It was also in the same year that Metro Manila got the highest literacy rate of 99% in census conducted. But the Phil- IR results in the City School Division of Manila among the 26, 843 pupils enrolled in Grade 3, 47. 59% and 32. 47% fall under frustration and instructional readers respectively and only 19. 94% are independent reader.

By the end of the cycle, (Grade 6), with 27199 pupils, over one hired of elementary graduates were identified as “frustration readers” with 36.

50% another one- third (34. 67%) were “instructional readers”. Both levels are below the desired reading level at the end of elementary cycle. In Metro Manila shows a higher literacy level than the rest of the country but low levels of reading competence one can only expect even low reading scores in other regions of the country with less quality, funds and educational facilities than the National Capital Region (Lug, 2007).

In the local scene, the student develops difficulty in reading, and needs intervention in a particular area or areas. In this case, the researcher will be working with a student who is diagnosed under instructional level in word recognition and under frustration level in reading comprehension.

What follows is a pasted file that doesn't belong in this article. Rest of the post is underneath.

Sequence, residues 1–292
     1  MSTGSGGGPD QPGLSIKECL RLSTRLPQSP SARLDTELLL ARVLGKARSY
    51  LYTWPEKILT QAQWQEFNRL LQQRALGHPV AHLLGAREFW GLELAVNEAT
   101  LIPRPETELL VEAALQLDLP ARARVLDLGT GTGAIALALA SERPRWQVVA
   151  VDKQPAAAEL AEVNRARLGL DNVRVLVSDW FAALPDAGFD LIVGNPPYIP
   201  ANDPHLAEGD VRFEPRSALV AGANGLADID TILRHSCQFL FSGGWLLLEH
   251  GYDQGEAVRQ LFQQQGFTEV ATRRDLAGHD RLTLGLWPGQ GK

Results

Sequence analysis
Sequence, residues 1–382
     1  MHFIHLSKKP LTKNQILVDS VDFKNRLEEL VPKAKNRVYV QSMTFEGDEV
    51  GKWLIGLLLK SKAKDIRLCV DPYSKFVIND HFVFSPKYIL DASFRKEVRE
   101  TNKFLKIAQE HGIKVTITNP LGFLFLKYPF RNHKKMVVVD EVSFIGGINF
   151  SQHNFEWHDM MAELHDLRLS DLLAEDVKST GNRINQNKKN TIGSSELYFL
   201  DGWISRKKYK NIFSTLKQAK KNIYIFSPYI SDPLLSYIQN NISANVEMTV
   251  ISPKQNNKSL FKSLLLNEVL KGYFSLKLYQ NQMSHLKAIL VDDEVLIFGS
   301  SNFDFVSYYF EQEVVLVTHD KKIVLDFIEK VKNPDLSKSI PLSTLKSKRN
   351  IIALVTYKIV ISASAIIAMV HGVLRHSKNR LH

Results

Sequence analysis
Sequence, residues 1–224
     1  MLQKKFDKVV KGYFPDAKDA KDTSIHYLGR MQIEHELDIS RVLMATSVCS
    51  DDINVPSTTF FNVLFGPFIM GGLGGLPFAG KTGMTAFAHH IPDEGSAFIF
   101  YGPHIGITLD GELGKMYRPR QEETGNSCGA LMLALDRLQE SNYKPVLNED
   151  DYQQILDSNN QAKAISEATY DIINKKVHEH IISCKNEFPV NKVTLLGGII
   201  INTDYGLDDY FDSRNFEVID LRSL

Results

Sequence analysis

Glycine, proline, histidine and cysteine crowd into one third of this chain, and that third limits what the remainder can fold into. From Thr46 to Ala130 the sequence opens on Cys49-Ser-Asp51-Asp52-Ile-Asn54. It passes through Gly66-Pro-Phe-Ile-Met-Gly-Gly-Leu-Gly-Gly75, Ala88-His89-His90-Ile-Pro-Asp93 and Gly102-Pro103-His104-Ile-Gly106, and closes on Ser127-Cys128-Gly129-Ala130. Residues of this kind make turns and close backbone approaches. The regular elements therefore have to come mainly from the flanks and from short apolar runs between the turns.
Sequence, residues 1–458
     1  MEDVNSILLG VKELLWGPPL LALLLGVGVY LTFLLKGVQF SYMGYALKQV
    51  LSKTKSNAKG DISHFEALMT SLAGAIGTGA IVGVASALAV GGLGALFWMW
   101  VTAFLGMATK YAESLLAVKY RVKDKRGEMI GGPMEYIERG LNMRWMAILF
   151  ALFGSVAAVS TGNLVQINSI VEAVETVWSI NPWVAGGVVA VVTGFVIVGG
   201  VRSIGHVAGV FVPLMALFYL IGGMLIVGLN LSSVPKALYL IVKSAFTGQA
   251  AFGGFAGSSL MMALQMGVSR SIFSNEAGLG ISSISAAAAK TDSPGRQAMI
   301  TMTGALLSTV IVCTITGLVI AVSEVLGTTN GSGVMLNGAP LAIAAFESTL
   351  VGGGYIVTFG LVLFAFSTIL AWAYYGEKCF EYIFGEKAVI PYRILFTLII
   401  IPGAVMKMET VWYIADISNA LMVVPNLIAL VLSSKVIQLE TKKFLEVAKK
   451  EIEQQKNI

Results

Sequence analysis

Lieu, a grade 2 student of Amelia Elementary School, loves to play outside that’s why he had a little time in practicing his reading skills. Moreover, he has a difficult time comprehending stories or texts. This really affects his reading comprehension as well as other subjects.

The researcher has observed that he is able to read sight words but appears to need more instruction and elaboration in the meaning of some words. After talking with the parents, the researcher found out that the student really struggles in reading. This study would like to prove that repeated reading will be the best and suited strategy for a developing reader struggling with reading difficulties.

The goal of this study is to demonstrate that reading comprehension, word recognition as well as fluency will improve with consistent use of repeating readings.

A combination of methods, rather than a single method, leads to the best learning. As with this study, it is possible that repeated reading will contribute to the improvement in students eating levels in silent and oral, as well as its reading interest. Several stakeholders will benefit from this study. Firstly, the learner will be more academically and globally competitive, will gain self confidence and increase his reading level. Second, the parents will have less in tutorial time and will be more challenged to support the continual process of the learners reading development.